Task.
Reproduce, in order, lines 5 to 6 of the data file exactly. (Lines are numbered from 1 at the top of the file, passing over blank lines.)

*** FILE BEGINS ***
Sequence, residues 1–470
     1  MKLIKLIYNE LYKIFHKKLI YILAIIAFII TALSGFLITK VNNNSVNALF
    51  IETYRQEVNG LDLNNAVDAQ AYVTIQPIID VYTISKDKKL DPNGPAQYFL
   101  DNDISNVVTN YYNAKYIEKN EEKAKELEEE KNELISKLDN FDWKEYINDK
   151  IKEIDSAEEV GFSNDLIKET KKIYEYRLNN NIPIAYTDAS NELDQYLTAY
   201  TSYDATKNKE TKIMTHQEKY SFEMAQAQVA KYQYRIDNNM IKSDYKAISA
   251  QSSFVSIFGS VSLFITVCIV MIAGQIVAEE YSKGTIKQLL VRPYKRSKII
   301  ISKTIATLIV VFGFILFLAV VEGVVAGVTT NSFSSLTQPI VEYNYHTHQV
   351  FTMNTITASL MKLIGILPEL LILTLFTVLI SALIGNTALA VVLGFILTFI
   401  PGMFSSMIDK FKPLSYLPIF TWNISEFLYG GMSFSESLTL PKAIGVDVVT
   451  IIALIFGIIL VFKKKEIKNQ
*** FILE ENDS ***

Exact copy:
   151  IKEIDSAEEV GFSNDLIKET KKIYEYRLNN NIPIAYTDAS NELDQYLTAY
   201  TSYDATKNKE TKIMTHQEKY SFEMAQAQVA KYQYRIDNNM IKSDYKAISA